The revised guidance was necessary to allow states to design programs that could expand options, lower costs, or increase coverage relative to baseline projections. Of course, these waiver applications would need to be approved by the Secretaries and can only be approved after both departments as well as the Office of Management and Budget are satisfied the proposal meets the four statutory guardrails.
Changing criteria at this point will increase regulatory uncertainty, make states less likely to submit 1332 waivers, and reduce the positive momentum around 1332 waivers with 12 states receiving 1332 waivers since 2017 in addition to the three states with waivers approved in 2017. States with approved 1332 waivers have generally experienced positive results. A June 2020 CMS analysis of the effect of 1332 waivers found that premiums were an average of 17.7 percent lower during the 2020 plan year in the 12 states that had approved 1332 waivers in place than they would have been without those waivers. In 2020, another three states secured 1332 waivers. Consumers have thus benefited from 1332 waivers that are consistent with the existing guardrails. Changing those standards will likely discourage other states from applying for waivers that might similarly benefit their residents.
In this proposed rule, the Departments seek to provide certainty to states that the requirements and expectations of the Section 1332 waiver program will not change abruptly during a period in which states are doing the work to prepare a waiver proposal. We agree with the Departments that providing consistent application requirements will encourage more states to pursue the waivers since it will decrease uncertainty about sudden changes or changes that may be averse to states’ goals. Codifying the Departments’ 2018 Guidance would help states that are interested in undertaking the complicated and potentially expensive work to design a waiver program that meets the four guardrails, as defined in that Guidance. This is especially important because the process of developing a proposal and submitting it may take significant time and taxpayer resources, and states do not want to undertake these efforts if the probability of success is low and the probability of the Departments changing requirements is high. Federal equities would be protected because the 2018 Guidance reserves to the Secretaries the authority to suspend or terminate a waiver, in whole or in part, if the Secretaries determine that the state materially failed to comply with the waiver’s terms and conditions.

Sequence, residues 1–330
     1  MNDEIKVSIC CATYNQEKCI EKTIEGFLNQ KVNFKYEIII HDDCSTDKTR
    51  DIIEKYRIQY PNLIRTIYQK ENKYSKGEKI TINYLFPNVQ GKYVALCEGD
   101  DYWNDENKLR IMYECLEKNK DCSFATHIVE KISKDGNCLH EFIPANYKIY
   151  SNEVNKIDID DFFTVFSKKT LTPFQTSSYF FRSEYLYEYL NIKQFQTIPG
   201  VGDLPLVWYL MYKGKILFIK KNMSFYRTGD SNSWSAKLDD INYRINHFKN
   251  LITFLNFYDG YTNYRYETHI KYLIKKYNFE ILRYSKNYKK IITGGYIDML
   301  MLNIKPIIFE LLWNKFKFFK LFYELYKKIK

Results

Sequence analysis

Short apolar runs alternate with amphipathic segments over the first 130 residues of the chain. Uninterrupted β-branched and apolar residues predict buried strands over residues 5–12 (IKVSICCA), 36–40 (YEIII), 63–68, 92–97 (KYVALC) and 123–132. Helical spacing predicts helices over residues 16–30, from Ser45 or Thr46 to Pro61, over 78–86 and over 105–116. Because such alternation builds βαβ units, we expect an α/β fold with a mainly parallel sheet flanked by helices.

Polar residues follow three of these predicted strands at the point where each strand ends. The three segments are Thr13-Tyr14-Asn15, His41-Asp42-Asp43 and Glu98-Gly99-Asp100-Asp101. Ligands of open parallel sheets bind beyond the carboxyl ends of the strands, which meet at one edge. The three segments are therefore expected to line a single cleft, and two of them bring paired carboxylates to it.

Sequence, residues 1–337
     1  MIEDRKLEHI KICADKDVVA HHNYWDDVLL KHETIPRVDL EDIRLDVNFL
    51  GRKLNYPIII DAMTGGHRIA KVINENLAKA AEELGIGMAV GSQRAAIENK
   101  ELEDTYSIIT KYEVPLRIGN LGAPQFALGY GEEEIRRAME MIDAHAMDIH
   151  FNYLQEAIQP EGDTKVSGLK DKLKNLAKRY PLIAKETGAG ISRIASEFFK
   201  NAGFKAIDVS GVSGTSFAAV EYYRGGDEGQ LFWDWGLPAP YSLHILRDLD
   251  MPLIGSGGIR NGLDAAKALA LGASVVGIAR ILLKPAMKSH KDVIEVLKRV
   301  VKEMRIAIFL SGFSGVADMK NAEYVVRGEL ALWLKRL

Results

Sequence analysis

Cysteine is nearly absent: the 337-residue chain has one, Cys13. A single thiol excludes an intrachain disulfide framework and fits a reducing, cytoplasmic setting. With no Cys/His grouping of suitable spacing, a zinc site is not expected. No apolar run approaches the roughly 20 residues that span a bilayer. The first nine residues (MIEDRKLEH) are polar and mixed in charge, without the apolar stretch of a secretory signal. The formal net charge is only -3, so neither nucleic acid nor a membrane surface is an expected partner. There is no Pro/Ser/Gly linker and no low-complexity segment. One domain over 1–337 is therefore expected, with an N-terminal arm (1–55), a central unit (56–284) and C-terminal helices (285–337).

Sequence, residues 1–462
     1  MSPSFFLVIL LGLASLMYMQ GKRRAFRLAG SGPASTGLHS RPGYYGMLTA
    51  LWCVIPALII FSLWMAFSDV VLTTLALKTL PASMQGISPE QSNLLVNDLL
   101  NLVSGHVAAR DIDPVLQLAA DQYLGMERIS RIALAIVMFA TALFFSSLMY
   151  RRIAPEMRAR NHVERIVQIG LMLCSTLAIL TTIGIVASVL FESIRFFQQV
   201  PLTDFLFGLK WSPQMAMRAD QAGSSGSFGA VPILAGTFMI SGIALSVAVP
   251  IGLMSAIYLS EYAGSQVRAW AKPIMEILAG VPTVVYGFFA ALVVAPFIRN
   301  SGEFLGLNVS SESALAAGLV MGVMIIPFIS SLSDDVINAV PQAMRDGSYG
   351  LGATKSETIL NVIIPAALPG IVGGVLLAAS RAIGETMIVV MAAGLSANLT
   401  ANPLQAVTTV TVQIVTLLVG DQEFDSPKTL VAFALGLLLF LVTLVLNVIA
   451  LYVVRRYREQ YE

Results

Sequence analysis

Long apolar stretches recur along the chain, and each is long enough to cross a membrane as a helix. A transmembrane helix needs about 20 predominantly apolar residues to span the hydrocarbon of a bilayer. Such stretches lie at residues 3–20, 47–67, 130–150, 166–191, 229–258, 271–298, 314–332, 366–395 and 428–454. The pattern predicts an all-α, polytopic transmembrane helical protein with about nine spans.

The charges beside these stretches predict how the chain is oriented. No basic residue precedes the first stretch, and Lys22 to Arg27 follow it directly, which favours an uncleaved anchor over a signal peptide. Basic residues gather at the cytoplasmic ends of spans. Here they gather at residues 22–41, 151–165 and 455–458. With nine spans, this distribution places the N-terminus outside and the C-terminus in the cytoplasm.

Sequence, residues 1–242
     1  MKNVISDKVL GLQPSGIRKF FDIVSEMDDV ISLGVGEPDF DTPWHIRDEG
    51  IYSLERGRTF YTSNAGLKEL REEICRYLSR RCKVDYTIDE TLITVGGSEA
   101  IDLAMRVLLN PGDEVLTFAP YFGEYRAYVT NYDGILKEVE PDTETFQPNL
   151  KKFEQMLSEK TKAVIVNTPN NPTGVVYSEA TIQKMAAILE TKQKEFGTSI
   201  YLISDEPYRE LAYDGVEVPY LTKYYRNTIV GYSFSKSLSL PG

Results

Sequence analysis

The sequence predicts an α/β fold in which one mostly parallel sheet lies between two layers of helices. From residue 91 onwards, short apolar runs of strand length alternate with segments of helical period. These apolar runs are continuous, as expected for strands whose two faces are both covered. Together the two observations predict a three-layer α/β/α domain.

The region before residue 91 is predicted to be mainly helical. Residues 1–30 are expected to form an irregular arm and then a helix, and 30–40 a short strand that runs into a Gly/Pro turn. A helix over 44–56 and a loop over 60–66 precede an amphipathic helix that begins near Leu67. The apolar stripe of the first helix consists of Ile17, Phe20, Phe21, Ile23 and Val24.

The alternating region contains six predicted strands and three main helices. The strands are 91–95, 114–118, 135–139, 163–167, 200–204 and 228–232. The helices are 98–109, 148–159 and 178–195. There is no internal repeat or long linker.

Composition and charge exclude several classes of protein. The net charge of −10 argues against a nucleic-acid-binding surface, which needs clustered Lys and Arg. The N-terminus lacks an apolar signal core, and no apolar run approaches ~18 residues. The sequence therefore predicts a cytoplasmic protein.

Given the impressive results of 1332 waivers thus far, it is paramount that CMS not engage in regulatory whipsaw and that states are allowed to rely on existing regulatory direction across administrations, particularly if the existing framework demonstrates clear, positive results. Regulatory codification would also ensure that states have a seat at the table if a future administration wishes to modify the requirements. Such a proposed modification would need to go through the standard rule-making process, and this would provide states an opportunity to provide important feedback on any proposed modifications. Feedback from states is crucial to ensure that the criteria the Secretaries’ use to evaluate 1332 waiver proposals permits states to actually make use of the waivers and to be innovative—the intended purpose of Section 1332 of the ACA—while satisfying the guardrails.
In closing, we thank you for the opportunity to comment on the proposed rule and for your continued work to promote state-based health reforms. We urge you to finalize this part of the rule—the codification of the 2018 Guidance regarding State Relief and Empowerment waivers—as proposed.
Brian Blase, Galen Institute
Doug Badger, Galen Institute, The Heritage Foundation
Grace-Marie Turner, Galen Institute
Bethany Marcum, Alaska Policy Forum